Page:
The 2003 Medicare overhaul law (PL 108-173) sought to stem the erosion in retiree prescription drug coverage by paying employers to continue those benefits. The subsidy averages about $670 per retiree in companies that receive it.

But Nancy H. Kichak, OPM's chief actuary, said that a federal review of whether to apply for the subsidy concluded that it would be inappropriate to do so.

"This review found no good rationale for the federal government to pay itself to continue providing prescription drug coverage to federal retirees, especially since OPM has no plans to eliminate this coverage," Kichak testified.

Alan G. Lopatin, legislative counsel for the 4.6 million-member National Active and Retired Federal Employees Association, said, "We are bewildered" by the decision not to take advantage of the subsidy. It doesn't make "street sense," he said. "We can't say that everything is being done to contain premium growth if more than $1 billion is left on the table every year."

"It is fair to say that other public and private employers who had no intention of reducing or ending their retiree drug benefits decided to apply for the payment anyway," Lopatin said.

Akaka said he was disappointed with OPM's decision not to pursue the subsidy. "I believe we all have a common goal to offer a range of comprehensive health care plans and ensure the lowest possible premiums," he said.

Akaka also questioned Kichak about another approach to holding down health costs: Giving OPM authority to negotiate directly with the drug industry over prescription drug costs. Kichak said OPM's evaluation of the issue showed that private insurers participating in FEHBP are effectively contracting with private pharmacy benefit managers to control rising drug costs. "I'm not looking for any more authority," she declared.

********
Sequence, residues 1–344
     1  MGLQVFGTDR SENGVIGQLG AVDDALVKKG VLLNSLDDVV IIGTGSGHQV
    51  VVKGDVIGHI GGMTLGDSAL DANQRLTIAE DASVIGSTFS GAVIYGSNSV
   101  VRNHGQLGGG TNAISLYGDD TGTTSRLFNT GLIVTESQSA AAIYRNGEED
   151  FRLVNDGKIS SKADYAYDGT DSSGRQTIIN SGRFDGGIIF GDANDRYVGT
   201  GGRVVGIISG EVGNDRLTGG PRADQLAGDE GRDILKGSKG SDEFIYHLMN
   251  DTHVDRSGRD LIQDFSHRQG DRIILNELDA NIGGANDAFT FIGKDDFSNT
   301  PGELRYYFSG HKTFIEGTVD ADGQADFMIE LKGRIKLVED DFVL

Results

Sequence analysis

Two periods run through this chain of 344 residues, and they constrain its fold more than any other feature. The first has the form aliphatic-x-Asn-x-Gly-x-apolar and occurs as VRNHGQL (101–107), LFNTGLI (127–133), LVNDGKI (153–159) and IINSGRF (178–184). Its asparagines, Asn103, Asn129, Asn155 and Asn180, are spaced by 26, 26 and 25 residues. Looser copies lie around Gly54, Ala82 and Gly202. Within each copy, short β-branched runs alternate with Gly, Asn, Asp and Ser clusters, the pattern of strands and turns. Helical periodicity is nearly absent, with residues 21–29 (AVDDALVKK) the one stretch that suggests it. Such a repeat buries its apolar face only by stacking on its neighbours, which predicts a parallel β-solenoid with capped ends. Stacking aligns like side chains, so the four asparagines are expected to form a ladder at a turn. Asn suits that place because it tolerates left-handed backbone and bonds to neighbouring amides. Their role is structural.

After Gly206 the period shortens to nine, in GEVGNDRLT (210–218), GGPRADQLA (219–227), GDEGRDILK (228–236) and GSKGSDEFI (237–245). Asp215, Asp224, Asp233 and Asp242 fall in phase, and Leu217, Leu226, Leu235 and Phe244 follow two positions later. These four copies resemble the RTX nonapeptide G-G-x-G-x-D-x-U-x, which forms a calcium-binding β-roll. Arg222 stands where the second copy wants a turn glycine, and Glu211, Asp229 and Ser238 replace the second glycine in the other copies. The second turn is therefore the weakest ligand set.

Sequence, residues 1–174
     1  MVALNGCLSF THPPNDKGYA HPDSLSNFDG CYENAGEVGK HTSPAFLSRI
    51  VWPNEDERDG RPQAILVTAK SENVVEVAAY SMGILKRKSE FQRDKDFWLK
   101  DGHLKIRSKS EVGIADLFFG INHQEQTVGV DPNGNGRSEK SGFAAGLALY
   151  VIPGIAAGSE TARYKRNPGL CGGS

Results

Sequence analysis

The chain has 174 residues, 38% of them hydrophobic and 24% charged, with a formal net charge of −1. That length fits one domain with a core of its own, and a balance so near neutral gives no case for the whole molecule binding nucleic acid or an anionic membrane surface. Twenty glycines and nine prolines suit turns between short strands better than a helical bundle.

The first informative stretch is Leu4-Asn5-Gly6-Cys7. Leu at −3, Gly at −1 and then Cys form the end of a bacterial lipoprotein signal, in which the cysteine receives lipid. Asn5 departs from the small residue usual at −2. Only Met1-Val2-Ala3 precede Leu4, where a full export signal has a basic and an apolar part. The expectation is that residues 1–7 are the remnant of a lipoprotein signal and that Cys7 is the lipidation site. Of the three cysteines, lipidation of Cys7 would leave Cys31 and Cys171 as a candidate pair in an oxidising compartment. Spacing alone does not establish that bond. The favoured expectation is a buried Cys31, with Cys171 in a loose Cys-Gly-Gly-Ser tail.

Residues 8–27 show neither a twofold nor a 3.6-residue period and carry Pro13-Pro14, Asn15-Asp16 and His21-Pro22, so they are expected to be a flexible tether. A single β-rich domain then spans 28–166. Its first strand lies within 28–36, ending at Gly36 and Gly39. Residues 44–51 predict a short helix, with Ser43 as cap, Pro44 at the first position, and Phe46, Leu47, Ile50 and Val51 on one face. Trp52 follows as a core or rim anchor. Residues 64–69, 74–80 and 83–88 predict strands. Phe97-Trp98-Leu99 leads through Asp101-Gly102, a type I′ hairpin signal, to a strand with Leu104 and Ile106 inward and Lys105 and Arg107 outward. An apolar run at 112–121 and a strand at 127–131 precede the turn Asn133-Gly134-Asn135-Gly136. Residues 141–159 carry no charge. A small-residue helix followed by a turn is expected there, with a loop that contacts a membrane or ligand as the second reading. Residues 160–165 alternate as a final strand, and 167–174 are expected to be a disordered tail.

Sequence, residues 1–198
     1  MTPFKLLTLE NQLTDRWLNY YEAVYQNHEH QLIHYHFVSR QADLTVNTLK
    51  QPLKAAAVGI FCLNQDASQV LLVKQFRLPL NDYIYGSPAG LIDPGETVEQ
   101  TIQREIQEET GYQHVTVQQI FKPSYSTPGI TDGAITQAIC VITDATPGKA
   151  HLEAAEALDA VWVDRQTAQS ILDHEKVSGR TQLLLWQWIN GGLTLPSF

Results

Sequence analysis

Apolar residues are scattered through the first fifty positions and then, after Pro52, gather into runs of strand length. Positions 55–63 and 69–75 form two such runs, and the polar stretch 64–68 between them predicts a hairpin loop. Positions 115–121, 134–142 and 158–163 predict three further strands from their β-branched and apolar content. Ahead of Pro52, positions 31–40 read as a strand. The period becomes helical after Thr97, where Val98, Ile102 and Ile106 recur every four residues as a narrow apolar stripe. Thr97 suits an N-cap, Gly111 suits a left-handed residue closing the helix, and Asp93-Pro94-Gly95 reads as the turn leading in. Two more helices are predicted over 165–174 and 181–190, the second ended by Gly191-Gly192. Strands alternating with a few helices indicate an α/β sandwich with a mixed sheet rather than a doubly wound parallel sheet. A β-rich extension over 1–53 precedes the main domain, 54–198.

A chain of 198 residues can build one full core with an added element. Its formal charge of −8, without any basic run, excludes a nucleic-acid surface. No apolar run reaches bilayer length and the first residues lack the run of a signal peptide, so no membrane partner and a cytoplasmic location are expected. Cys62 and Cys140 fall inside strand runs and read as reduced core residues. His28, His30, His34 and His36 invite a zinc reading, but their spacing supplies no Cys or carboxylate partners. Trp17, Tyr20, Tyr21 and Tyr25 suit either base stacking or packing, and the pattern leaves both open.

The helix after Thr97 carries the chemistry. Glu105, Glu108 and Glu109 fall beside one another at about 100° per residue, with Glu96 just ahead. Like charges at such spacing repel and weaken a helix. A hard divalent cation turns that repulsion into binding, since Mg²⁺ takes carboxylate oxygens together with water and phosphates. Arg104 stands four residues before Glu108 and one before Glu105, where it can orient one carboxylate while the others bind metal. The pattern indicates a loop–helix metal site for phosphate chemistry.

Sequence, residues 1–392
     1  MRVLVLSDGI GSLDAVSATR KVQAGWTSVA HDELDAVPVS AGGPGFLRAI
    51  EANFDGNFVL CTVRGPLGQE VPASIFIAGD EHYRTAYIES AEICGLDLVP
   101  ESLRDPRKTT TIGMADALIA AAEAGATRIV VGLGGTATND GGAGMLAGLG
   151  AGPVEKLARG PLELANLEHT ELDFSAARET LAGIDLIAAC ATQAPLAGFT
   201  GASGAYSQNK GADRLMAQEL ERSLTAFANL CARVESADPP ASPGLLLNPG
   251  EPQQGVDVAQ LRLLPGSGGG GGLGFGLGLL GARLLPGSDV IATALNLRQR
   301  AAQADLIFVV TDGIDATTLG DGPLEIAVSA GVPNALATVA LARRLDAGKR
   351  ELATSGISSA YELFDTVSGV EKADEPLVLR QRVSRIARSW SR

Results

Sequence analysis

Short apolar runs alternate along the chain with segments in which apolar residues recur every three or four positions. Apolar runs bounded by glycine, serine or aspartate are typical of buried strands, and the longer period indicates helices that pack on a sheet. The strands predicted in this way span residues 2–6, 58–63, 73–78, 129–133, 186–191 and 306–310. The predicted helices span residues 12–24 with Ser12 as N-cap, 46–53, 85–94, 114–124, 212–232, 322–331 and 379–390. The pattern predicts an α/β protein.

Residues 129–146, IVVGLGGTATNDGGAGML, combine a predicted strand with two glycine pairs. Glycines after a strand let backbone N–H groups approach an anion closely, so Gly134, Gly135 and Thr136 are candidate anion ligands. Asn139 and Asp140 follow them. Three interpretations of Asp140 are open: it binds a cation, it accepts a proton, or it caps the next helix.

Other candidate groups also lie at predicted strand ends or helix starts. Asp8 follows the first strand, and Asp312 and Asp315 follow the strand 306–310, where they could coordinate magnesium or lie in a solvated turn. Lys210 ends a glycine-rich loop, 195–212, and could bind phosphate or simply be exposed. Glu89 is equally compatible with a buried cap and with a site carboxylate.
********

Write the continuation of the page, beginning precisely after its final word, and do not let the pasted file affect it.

Lawmakers at the hearing also questioned witnesses about the impact of Health Savings Accounts on the affordability of health plans in FEHBP. Critics of "HSAs," which entail the use of high-deductible health plans, say their low premium charges will lure relatively healthy employees away from more traditional health plans relied on by older, sicker federal employees and retirees for affordable coverage.

"Less healthy enrollees avoid HSAs . . . because they could pay thousands of dollars in out-of-pocket costs," Lopatin testified. But as healthy enrollees leave and traditional plans come to be dominated by sicker, more costly enrollees, their premiums will rise and benefits will erode, he said. "Ultimately, this would be the death knell" for traditional plans, he said.

But Stephen Gammarino, senior vice president for national programs at the Blue Cross-Blue Shield Association, said of HSAs that, "materially, they haven't affected the [FEHB] program as a whole."

Lopatin agreed, noting that only 0.2 percent of FEHBP enrollees in 2006 were enrolled in an HSA or similar plan. But if "HSAs blossom" many federal workers would be at risking of losing affordable coverage, he said.